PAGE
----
# Interval Trees Store intervals of the form [li,ri], li <= ri.

## Presentation on theme: "Interval Trees Store intervals of the form [li,ri], li <= ri."— Presentation transcript:

Interval Trees Store intervals of the form [li,ri], li <= ri.
An interval is stored in exactly 1 node. So, O(n) nodes. 3 versions. Differing capability. Note, when l = r, interval intersection becomes point enclosure.

Version 1 Store intervals of the form [li,ri], li <= ri.
At least 1 interval per node. Static interval set. Report all intervals that intersect/overlap a given interval [l,r]. Note, when l = r, interval intersection becomes point enclosure.

Definition—Version 1 A binary tree.
Each node v has a point v.pt and two lists v.left and v.right. u.pt < v.pt for nodes u in left subtree of v. u.pt > v.pt for nodes u in right subtree of v. So, it is a binary search tree on pt.

Definition—Version 1 Intervals with ri < v.pt are stored in the left subtree of v. Intervals with li > v.pt are stored in the right subtree of v. Intervals with li <= v.pt <= ri are stored in v. v.left has these intervals sorted by li. v.right has these intervals sorted by ri. Note sorted doesn’t imply an array organization necessarily. Could be a red-black tree, implicitly sorted.

Example e a c b f d v.pt = 4 L = {a, e} R = {d} v.left = {c, f, b}
1 e 3 a 2 4 c 6 b f 5 7 d 4 L R v v.pt = 4 L = {a, e} R = {d} v.left = {c, f, b} v.right = {c,b,f}

Properties Each interval is stored in exactly one node.
Each node stores between 1 and n intervals. Number of nodes is O(n). Sum of sizes of left and right lists is O(n). Tree height depends on how you choose the points v.pt.

Selection of v.pt v is the median of the end points of the intervals stored in the subtree rooted at v. 1 e 3 a 2 4 c 6 b f 5 7 d End points = {1, 2, 3, 4, 5, 6, 7} Use 4 as v.pt.

Selection of v.pt With median selection, tree height is O(log n).
Median selection is possible only for static interval set. So, no inserts/deletes. Could relax to support insert/delete.

Find All Overlapping Intervals
Query interval is [l,r]. v.pt e [l,r] All intervals in v overlap. Search L and R for additional overlapping intervals. 4 L R v l r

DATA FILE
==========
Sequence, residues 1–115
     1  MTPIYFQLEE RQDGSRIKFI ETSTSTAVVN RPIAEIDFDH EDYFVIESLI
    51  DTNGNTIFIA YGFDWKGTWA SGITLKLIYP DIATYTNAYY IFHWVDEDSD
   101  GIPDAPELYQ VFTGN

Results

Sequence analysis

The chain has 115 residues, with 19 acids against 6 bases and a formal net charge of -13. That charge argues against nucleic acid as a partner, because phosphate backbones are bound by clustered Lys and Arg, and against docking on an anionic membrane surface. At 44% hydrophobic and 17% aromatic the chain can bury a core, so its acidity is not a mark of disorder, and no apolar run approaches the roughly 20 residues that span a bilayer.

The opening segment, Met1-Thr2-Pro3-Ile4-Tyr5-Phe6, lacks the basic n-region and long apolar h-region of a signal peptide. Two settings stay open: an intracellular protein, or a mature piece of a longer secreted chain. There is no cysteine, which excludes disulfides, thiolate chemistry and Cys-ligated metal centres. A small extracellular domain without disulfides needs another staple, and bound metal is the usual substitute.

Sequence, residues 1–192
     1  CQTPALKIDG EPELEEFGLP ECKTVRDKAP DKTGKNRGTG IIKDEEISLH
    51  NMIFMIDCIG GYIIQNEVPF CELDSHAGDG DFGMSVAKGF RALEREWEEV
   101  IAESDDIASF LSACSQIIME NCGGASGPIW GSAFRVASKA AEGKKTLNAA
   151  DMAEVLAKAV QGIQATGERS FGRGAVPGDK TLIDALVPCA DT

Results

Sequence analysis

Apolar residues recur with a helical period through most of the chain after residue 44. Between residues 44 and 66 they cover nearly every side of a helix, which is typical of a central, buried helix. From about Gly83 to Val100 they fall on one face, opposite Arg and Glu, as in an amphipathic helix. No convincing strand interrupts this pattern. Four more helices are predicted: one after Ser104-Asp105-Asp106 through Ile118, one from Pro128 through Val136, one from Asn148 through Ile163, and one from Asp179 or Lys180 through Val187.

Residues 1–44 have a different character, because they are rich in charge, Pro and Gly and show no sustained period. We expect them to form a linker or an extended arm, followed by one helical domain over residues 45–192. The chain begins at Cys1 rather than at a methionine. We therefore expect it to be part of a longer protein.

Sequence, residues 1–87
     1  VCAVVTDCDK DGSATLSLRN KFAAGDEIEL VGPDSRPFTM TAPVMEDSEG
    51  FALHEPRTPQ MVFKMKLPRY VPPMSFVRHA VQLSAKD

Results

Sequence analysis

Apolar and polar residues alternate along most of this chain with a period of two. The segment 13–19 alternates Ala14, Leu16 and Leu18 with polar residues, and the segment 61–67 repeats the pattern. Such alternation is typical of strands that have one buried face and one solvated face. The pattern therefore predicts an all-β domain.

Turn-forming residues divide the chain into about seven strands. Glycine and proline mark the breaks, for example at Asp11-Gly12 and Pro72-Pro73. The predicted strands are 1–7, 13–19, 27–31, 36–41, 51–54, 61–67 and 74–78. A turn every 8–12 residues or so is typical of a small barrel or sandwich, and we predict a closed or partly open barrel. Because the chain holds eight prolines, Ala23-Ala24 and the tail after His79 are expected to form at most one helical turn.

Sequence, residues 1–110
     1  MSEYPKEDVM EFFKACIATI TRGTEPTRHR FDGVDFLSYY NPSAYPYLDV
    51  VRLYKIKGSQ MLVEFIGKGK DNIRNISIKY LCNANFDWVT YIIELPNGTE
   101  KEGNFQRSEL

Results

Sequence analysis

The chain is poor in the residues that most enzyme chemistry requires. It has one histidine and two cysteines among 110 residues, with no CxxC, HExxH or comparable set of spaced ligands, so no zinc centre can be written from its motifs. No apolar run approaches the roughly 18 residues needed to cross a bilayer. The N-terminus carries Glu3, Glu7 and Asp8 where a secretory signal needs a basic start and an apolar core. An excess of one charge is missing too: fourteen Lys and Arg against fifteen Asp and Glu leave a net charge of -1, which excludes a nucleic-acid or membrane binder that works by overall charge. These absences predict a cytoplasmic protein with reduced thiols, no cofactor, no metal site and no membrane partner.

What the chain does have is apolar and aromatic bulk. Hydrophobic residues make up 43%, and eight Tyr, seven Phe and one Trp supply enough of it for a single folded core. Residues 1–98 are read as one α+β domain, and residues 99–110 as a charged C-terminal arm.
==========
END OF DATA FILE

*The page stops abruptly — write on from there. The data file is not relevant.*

Find All Overlapping Intervals
v.pt < l Intervals in v with ri >= l overlap. No interval in L overlaps. Search R for additional overlapping intervals. 4 L R v l r Search v.right for overlapping intervals. If v.right is a sorted array, start at right end of array and pick off the overlapping intervals. Time is 1 + number of overlapping intervals in v.right.

Find All Overlapping Intervals
v.pt > r Intervals in v with li <= r overlap. No interval in R overlaps. Search L for additional overlapping intervals. 4 L R v l r Search v.left for overlapping intervals. If v.left is a sorted array, start at left end of array and pick off the overlapping intervals. Time is 1 + number of overlapping intervals in v.left.

Find All Overlapping Intervals
Complexity O(log n) nodes encountered. All intervals in v overlap. Intervals in v with ri >= l overlap. Intervals in v with li <= r overlap. O(log n + |output|) when v.left and v.right are sorted arrays. 4 L R v l r Look at subtree of visited nodes. If there is no degree 2 node, total number of nodes in subtree is O(log n). Otherwise, mark nodes on leftmost and rightmost paths from root as boundary nodes. Number of boundary nodes is O(log n). Other nodes are interior nodes. Let P be degree 2 node closest to root. All interior nodes are descendents of P. The interval stored in an interior node overlaps the query interval as the query interval includes P.pt and every interior node is also the descendent of another degree 2 node in the visited subtree.

Version 2 Store intervals of the form [li,ri], li <= ri.
Empty nodes permitted. Inserts and deletes. Answer queries of the form: which intervals include the point d. Note, when l = r, interval intersection becomes point enclosure.

Inserts & Deletes Difficult in version 1 because v.pt is median.
Select v.pt (almost) arbitrarily and use a red-black tree. Each node stores between 0 and n intervals. At most 2n nodes permissible. Tree height is O(log n). Not completely arbitrary as the intervals stored in the node must contain the point.

Need For Empty Nodes Deletion from a degree 2 node. 20 10 6 2 8 15 40